• frequency of paratextual types (i.e., titles, epigraphs, notes, etc.)
• frequency of cited authors/artists
• genres of cited works
• literary/historical periods of cited works
• languages of cited works
• trends in paratextual practice across Swinburne’s career
The text/document sits at the intersection of the humanities and information studies, and a consideration of the paratext brings together theoretical concerns about the material document and intertextuality from literary studies with theories about citation and methodologies of citation analysis from information studies.
In an effort to broaden the study and provide comparison data, we have also gathered information about paratexts in the poetry of Swinburne’s contemporaries, Rossetti and Tennyson. Our paper will provide a comprehensive examination of a large, defined subset of the paratexts found in the work of a three important Victorian poets. Our analysis will provide different views of these poets as seen through their paratexts and the diverse collection of authors, artists, and works referenced by those paratexts. We will present the findings from a thorough analysis of paratextual reference in Swinburne, Rossetti, and Tennyson, and based on those findings, we will make some preliminary observations about Swinburnian Victorian paratextual poetics.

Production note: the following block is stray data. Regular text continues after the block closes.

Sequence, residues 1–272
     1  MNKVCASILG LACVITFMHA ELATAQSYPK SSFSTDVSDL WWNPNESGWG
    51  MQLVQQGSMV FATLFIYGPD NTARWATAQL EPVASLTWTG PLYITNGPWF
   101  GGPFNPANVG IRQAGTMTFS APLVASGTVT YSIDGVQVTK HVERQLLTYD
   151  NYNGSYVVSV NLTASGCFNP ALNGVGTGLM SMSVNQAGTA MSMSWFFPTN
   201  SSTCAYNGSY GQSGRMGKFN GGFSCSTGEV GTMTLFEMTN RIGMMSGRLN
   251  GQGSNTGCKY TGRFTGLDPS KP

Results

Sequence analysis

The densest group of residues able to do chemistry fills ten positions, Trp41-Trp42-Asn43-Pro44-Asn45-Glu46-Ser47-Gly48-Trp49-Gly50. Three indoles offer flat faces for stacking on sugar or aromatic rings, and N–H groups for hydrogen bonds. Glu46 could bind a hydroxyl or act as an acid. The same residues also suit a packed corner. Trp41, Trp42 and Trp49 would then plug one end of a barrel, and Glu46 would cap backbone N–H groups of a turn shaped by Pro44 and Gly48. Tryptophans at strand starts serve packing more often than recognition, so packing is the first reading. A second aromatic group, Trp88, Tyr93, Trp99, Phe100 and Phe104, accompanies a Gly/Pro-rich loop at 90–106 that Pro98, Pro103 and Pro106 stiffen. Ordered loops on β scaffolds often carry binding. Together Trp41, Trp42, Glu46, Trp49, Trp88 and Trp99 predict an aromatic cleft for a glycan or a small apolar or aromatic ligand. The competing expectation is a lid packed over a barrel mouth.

Briet, S. (2006). What is Documentation?. Trans. Ronald E. Day and Laurent Martinet. Lanham, MD: Scarecrow Press.
Genette, G. (1997). Paratexts: Thresholds of Interpretation. Trans. Jane E. Lewin. Cambridge: Cambridge University Press.
Macksey, R. (1997). Foreword. Paratexts: Thresholds of Interpretation. By Gérard Genette. Trans. Jane E. Lewin. Cambridge: Cambridge University Press. xi-xxii.
Nicolson, H. (1926). Swinburne. New York: Macmillan.
Swinburne, A. C. (1904). The Poems of Algernon Charles Swinburne. 6 vols. London: Chatto & Windus.
Walsh, J. A., (ed.) (2011). The Algernon Charles Swinburne Project. Indiana University. 1 Nov. 2011.http://www.swinburneproject.org/.
If this content appears in violation of your intellectual property rights, or you see errors or omissions, please reach out to Scott B. Weingart to discuss removing or amending the materials.
Hosted at University of Nebraska–Lincoln
Lincoln, Nebraska, United States
July 16, 2013 - July 19, 2013
243 works by 575 authors indexed
XML available from https://github.com/elliewix/DHAnalysis (still needs to be added)
Conference website: http://dh2013.unl.edu/
Series: ADHO (8)